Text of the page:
2. The petitioners' case is that under the rides in force the respondents who were in the substantive rank of overseers were only officiating Deputy Engineers and that as they did not belong to the cadre of Deputy Engineers they were not entitled to promotion inasmuch as they had to put in after confirmation as Deputy Engineers 7 years of actual service before being eligible for promotion as officiating Executive Engineers. On the other hand, the petitioners were direct recruits and were entitled to promotion after 7 years of service from the date of appointment, as their subsequent confirmation related back to that date. It is contended that the first respondent, contrary to these rules, appointed respondents 2 to 34 as officiating Executive Engineers before they had completed 7 years of actual service after the date of confirmation and particularly in the case of employees from the erstwhile State of Hyderabad it had, contrary to the rules relating to promotion, by a resolution dated the 23rd February 1967 directed respondents 3, 4, 6 to 14 to be treated as having been appointed in the reorganised Bombay State as temporary Deputy Engineers with effect from 31st March 1937 only for the purpose of fixation of their seniority in the grade of Deputy Engineers and for promotion to higher posts. By so directing, respondent No. 1 conferred, in an arbitrary manner, an advantage on the said respondents to the detriment of the petitioners while, as a matter of fact, those respondents had not completed either 7 years of actual service after confirmation as required by the rules nor did they have even 7 years' service as officiating Deputy Engineers on the date of promotion as officiating Executive Engineers.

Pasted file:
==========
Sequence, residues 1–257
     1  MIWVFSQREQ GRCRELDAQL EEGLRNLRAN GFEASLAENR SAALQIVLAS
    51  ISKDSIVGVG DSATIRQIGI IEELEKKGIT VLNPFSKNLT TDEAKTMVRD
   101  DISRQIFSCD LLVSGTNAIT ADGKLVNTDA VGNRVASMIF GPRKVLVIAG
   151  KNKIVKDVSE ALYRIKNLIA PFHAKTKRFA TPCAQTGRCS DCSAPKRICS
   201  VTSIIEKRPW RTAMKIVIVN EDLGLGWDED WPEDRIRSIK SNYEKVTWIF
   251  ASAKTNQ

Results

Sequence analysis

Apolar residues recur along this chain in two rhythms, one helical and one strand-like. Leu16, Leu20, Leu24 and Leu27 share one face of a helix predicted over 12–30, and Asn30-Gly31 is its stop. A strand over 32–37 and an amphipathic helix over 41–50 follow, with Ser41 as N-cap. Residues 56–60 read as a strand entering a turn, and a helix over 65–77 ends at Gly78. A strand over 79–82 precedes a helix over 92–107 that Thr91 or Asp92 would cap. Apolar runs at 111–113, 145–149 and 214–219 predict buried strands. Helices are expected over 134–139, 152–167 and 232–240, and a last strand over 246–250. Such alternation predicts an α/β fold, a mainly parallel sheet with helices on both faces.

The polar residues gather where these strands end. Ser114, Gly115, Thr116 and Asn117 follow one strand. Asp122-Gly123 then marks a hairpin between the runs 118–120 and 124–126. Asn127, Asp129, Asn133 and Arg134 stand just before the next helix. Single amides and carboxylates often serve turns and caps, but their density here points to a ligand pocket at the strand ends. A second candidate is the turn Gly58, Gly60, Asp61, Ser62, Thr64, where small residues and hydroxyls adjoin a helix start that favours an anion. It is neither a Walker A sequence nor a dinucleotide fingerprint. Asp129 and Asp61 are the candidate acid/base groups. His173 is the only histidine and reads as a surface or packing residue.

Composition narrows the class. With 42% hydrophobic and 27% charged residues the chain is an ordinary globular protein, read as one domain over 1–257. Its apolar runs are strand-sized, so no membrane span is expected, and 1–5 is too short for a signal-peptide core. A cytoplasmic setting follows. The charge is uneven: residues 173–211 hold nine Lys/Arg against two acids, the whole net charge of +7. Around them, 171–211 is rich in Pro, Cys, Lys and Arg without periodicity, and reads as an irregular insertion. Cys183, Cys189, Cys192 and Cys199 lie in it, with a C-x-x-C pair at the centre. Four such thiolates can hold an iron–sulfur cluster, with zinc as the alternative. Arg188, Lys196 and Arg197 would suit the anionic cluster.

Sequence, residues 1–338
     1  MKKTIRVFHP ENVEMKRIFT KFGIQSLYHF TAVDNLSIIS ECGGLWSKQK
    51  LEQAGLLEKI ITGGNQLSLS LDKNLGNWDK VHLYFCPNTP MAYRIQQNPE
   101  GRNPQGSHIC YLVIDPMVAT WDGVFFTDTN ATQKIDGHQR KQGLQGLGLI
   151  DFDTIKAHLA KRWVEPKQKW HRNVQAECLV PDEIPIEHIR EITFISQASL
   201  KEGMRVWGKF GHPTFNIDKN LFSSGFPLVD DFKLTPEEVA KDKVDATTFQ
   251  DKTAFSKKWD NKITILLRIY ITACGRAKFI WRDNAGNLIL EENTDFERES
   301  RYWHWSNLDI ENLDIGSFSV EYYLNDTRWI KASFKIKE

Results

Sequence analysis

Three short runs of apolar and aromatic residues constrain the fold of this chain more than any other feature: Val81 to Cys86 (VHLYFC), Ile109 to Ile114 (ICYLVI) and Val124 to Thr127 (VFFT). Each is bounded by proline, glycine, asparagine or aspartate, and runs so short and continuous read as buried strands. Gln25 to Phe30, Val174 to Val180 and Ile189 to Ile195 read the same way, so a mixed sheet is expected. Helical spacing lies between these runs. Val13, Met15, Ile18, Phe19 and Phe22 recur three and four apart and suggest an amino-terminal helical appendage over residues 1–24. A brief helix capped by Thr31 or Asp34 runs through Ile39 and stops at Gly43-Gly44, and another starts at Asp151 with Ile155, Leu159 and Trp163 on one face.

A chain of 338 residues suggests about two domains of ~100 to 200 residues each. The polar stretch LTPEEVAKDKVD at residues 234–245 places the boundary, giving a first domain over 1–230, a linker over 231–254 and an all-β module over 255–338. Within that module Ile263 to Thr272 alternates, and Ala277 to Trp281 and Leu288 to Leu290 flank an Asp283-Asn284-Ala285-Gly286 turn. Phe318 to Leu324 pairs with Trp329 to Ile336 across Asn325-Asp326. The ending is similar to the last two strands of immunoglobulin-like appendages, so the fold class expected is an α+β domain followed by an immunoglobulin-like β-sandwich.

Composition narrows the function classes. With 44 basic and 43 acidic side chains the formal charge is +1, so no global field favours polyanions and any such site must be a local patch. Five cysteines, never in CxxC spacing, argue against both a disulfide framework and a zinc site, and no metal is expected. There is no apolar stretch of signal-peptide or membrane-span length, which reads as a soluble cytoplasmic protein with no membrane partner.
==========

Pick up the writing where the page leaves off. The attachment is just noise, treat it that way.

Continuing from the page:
3. In order to understand the contentions urged on behalf of the petitioners it will be necessary to state briefly the history of the service and the several resolutions which are applicable to them in respect of recruitment as well as seniority. The Bombay and subsequently the Maharashtra service of engineers consists of Class I and Class II (Deputy Engineers). They were initially governed by rules framed under the resolutions of the Government in the Public Works Department dated the 22nd March 1937. The recruitment to these services both in class I and class II was partly by direct recruitment and partly by promotion from amongst the members of the lower cadres. In 1939 further rules were made to regulate the method of recruitment to the State services. Under these rules recruitment to the Bombay Service of Engineers Class I was to be from two sources, (1) by nomination under Rule 3 by virtue of the guarantee given to the engineering college of Poona and (2) by promotion from the existing Bombay Service of Engineers (since discontinued) or from the Bombay Service of Engineers Class II. The recruitment to the Bombay Service of Engineers Class II under the rules of 1939 was also to be similarly from two sources, (1) by nomination under Rule 11 in accordance with the guarantee to the Royal College of Poona (which was withdrawn in 1947) and (2) by promotion from (a) Bombay Subordinate Engineer Service, (b) permanent and temporary supervisors and (c) temporary engineers appointed on annual sanction. These rules however did not specify the principles upon which the seniority of the direct recruits and the promotee officers was to be determined. The Government of Bombay accordingly by a resolution dated 21st November 1941 laid down the following principles to be applicable to direct recruits and promoted officers in the provincial service except the Bombay Service of Engineers Class I: